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Wacom introduces new styluses for better drawing on the iPad

The stylus company Wacom announced a number of new products today, which it says were made specifically for use on Apple's iPad tablets.

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Could the iPad replace the Cintiq on illustrators' desks?

Some graphic designers, digital illustrators, artists and others use expensive, specialized graphics pads like Wacom's Cintiq, which integrate a flat panel display into a digitized tablet surface suitable for use with a specialized stylus. With Apple's focus on continuity between iOS 8 and OS X Yosemite, I've begun to wonder if the iPad may make a suitable, less expensive replacement.

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Wacom Cintiq 24HD Touch review

The Wacom Cintiq 24HD Touch offers a full HD experience with a screen resolution of 1900x1200 pixels, and an aspect ratio of 16:10. Currently, it is Wacom’s highest color performance display delivering a staggering 97% of Adobe’s RGB color gamut with more than 1 billion colors. All of this is packed into a 24” multi-touch display weighing in at 28.6 kg (63.8 lbs), including the stand. It also costs $2,999! So, it is worth it?

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Wacom announces pressure-sensitive Intuos stylus for iPad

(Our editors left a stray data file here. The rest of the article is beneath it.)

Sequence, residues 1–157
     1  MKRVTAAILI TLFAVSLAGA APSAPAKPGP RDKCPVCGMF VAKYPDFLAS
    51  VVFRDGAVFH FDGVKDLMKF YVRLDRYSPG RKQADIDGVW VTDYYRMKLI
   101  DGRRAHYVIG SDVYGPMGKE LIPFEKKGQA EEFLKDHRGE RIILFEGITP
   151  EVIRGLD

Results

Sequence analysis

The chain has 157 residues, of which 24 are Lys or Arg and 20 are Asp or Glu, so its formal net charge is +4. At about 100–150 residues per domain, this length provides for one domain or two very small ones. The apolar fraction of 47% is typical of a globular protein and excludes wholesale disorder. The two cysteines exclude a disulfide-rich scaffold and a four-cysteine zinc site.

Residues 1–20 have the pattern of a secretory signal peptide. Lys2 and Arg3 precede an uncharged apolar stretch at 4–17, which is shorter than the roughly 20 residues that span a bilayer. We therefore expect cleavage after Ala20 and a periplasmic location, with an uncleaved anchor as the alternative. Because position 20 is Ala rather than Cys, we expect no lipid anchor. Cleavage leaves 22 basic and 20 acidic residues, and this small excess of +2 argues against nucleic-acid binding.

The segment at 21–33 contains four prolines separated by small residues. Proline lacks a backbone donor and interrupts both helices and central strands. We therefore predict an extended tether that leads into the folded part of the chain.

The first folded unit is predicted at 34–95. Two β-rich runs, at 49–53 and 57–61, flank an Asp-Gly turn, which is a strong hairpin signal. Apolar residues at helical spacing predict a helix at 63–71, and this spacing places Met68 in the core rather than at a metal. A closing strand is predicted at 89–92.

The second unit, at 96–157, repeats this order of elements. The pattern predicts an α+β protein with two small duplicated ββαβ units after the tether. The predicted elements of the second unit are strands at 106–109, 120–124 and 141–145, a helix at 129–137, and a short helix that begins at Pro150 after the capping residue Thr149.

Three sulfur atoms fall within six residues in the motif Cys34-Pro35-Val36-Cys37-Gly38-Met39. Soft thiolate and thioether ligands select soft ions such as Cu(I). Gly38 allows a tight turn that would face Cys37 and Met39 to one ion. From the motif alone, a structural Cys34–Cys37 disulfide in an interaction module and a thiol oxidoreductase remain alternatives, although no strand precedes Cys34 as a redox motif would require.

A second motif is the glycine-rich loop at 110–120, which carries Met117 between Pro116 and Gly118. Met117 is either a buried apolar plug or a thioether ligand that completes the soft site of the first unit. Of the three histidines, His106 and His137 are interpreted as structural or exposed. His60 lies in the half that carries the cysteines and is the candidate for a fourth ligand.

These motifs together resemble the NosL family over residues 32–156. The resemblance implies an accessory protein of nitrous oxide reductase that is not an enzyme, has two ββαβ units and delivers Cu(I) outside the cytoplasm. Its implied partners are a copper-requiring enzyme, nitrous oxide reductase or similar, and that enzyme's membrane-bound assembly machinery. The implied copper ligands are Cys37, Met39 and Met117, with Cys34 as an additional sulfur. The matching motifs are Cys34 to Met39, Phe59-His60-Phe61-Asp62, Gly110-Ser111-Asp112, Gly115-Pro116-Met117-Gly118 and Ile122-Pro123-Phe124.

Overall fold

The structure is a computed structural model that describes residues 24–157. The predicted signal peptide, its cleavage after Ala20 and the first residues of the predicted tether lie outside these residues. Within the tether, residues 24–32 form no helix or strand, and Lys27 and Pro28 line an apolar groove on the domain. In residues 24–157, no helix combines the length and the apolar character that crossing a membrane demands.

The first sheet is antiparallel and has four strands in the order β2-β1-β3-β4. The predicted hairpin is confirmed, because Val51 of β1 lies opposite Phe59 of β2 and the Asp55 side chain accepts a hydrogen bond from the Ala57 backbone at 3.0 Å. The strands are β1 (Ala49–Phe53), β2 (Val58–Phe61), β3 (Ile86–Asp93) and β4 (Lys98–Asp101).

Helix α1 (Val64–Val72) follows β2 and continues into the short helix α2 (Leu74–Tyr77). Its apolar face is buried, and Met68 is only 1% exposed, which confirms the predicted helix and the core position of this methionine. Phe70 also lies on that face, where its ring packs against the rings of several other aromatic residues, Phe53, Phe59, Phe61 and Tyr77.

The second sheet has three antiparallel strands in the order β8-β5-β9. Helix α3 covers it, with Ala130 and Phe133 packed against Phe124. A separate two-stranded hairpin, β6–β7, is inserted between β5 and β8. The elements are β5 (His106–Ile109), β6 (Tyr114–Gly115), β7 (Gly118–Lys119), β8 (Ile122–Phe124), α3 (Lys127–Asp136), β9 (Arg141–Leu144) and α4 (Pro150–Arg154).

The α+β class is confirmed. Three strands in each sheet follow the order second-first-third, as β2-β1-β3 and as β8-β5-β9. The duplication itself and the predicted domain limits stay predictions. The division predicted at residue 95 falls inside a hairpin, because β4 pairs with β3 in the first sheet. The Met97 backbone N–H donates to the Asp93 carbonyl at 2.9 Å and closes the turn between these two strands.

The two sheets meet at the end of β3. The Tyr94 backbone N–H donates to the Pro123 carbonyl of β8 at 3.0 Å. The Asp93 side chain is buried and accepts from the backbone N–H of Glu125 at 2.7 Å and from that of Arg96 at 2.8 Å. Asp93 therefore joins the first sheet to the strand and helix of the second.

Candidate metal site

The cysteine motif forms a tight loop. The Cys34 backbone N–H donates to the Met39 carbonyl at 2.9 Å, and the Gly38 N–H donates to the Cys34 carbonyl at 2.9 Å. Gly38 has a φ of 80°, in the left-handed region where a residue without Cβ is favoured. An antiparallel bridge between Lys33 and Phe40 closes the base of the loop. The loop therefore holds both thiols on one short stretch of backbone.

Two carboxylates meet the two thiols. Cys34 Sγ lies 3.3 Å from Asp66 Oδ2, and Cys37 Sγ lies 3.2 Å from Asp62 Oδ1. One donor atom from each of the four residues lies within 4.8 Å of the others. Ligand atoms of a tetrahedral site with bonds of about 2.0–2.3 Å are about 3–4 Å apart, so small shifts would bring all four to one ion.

Wacom has announced a new, pressure-sensitive stylus for the iPad called the Intuos Creative Stylus, paying homage to the branding of their famous tablet line. The Intuos Creative Stylus connects to your iPad 3, iPad 4, or iPad mini using Bluetooth 4.0, and features shortcut buttons, along with support for palm rejection. These features help make creating more natural, says Wacom:

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Best iPad pro stylus

Apple might have said "yuk!" to stylus pens but users are saying "yes!" in ever greater number. Apple might have had a point, back in the days before iPhones and iPads, when pointy old resistive stylus pens had to be used just to get outdated touch screens and inscrutable interfaces to work. But now there's a new generation of stylus pens for the new generation of capacitive touch screens. These stylus pens don't have to be used -- we want to use them. We want to use them for speed and accuracy, for comfort and creativity. We want to use them for take hand-written notes, to draw and paint, and to game. We want to use them to such an extent that, for many users, it's no longer a question of whether we should use a stylus pen -- but which one?

To answer that questions, iMore took a look at four of the most popular, high end stylus pens on the market -- The Ten One Design Pogo Sketch Pro, the SGP Kuel H12, the Adonit Jot Pro, and the Wacom Bamboo. We took a look at the build quality, durability, and capacitive performance of each one, and we tested them using Noteshelf and Penultimate, Procreate and Paper by 53, and Zuma's Revenge and Words with Friends.

And here's what we found...

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